This part of the story ends in a tragedy. Shouting was followed by insults, then by physical force. Beatings raised the tension to extremes and some used their knives to defend themselves. When they realized what was happening and stopped it was too late; almost half the company had lost their lives. Shocked from the outcome, very sorry for their behavior, buried their dead and headed to Istanbul.

     There is a second round to the story. After few years the remaining of the company started their return journey. When they reached the same creek they remembered the sad incident. They all agreed that it was a shame that so many friends had died for nothing. It was stupid, they said, for people to quarrel for such minor things. There was nothing more precious than human life. Killing was madness, especially for such trifle things. They could have discussed the matter calmly, with respect to each other’s opinion and they should have never resolved to force. They developed a discourse of wisdom and remorse, as it is usually the case in Balkan and other interethnic academic and/or political meetings.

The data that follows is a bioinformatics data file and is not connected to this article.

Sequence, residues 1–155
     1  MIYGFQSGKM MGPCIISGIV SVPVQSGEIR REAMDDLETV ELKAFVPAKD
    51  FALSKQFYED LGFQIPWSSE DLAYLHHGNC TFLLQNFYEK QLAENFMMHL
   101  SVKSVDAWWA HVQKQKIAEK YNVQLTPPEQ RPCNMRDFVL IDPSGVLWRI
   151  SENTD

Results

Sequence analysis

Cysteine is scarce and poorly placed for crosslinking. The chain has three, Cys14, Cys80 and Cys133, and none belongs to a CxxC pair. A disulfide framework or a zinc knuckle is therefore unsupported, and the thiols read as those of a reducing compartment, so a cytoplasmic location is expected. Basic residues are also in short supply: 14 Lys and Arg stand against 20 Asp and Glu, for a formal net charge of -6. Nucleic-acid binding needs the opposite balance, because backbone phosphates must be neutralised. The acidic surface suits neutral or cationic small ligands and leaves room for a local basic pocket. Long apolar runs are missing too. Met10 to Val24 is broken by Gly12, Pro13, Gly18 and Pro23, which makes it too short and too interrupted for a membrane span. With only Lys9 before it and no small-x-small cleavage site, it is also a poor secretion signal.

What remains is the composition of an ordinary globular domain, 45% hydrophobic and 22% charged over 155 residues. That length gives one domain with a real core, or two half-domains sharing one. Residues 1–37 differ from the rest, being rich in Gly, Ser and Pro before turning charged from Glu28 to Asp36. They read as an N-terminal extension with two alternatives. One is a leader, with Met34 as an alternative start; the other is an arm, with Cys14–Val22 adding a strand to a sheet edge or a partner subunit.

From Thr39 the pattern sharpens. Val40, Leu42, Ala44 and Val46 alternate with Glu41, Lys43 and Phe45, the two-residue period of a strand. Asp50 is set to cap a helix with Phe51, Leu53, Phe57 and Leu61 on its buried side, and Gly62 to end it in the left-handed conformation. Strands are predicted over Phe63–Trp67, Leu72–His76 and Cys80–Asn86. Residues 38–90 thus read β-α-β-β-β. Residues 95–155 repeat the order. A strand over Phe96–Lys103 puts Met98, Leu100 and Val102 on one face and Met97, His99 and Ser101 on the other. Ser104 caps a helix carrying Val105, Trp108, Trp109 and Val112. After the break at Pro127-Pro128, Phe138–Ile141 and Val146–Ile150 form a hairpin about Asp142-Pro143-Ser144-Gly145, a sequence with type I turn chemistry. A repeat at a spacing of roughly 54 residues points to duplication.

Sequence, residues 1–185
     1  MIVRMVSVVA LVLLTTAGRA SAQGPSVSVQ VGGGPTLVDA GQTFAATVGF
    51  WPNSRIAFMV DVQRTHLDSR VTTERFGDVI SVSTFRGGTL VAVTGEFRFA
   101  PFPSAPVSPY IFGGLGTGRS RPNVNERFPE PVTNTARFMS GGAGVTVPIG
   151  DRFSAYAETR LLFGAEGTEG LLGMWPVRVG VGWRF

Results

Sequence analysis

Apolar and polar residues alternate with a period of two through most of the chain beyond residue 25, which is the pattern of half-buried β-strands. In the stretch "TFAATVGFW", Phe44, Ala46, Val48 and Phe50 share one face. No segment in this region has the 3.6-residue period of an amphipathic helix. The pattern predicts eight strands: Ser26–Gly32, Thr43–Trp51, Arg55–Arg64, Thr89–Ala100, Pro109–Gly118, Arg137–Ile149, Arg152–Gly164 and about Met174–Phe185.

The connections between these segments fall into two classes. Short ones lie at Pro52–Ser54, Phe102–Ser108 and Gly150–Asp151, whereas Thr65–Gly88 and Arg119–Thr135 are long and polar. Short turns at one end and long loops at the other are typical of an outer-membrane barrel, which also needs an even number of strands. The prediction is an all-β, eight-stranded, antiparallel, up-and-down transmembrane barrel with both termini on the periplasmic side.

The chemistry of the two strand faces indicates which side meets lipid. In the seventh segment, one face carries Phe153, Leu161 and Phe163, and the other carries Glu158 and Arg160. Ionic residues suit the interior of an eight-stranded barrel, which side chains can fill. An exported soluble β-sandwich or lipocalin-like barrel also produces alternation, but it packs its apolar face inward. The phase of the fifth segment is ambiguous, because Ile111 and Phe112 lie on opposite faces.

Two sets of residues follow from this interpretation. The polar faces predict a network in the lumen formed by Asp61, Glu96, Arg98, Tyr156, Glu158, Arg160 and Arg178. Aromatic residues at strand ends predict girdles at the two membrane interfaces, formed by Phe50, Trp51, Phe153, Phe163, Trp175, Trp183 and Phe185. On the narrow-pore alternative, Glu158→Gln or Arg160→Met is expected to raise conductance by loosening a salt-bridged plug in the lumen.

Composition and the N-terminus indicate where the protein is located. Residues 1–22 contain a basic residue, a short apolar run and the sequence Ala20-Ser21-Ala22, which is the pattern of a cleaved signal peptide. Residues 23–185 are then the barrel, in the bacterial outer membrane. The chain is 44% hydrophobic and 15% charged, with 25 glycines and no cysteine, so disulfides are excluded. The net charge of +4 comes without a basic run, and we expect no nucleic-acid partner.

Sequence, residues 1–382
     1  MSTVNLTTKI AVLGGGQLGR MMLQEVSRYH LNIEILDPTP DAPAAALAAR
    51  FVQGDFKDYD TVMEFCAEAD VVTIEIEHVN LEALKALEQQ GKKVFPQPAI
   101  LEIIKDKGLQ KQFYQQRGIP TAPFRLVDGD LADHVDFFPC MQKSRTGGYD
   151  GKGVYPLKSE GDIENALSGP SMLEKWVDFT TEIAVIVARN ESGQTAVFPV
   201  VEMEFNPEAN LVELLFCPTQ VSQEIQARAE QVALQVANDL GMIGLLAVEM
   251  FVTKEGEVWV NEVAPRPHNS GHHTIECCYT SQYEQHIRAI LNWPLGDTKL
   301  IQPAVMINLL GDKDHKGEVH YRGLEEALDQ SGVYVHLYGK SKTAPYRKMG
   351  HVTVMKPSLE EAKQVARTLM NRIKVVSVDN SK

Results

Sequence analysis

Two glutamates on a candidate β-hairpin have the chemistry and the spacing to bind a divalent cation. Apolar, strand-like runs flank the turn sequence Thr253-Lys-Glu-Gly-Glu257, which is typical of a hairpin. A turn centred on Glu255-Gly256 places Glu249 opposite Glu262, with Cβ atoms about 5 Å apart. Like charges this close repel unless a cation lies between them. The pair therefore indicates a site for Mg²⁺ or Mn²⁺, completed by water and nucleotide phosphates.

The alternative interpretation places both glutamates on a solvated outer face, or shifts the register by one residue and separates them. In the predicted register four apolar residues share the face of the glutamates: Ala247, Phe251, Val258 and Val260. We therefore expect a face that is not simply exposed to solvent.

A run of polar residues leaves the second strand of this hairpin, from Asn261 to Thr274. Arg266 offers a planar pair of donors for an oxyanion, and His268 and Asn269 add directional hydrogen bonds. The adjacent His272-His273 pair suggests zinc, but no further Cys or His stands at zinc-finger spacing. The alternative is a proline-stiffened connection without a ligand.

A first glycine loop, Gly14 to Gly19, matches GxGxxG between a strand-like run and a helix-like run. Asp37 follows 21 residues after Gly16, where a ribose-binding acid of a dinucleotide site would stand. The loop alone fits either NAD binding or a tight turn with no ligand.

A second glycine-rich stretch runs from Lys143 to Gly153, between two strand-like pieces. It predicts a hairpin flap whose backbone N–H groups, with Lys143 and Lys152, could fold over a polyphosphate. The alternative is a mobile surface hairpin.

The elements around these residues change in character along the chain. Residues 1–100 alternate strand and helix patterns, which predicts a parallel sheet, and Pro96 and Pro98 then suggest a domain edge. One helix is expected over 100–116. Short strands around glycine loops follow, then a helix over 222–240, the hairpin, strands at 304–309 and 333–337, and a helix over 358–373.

And then somebody said: ‘after all, is it of any importance if the bird touched the water or not? Why should one insist on that? If you succumb, if you accept the opinion of the other or even if you pretend that you agree with him quarrels of this kind can be easily avoided. It was enough to say, yes it did touch the water, and nothing would have happened’. ‘Yes’ said someone else, ‘but it could have been even simpler if the other party accepted that the bird did not touch the water since it was obvious that it did not!’ To make the story short, the unhappy incident was repeated. They fought again with the same arguments. The rest of the company lost their lives too, quarrelling and fighting over the same topic.